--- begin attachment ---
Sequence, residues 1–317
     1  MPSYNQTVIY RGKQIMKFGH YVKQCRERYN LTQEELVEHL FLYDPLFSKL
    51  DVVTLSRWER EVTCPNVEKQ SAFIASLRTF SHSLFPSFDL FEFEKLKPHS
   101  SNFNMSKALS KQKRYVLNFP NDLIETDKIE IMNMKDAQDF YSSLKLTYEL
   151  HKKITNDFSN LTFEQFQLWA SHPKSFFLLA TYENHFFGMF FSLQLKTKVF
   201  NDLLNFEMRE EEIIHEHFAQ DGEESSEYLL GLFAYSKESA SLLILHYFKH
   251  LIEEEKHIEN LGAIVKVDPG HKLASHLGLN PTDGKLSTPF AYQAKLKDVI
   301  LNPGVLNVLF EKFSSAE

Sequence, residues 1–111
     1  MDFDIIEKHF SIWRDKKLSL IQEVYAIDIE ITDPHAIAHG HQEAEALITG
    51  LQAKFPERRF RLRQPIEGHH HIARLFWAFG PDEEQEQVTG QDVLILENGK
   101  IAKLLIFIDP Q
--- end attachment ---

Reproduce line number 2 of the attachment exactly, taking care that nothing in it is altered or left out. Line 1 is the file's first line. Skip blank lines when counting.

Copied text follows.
     1  MPSYNQTVIY RGKQIMKFGH YVKQCRERYN LTQEELVEHL FLYDPLFSKL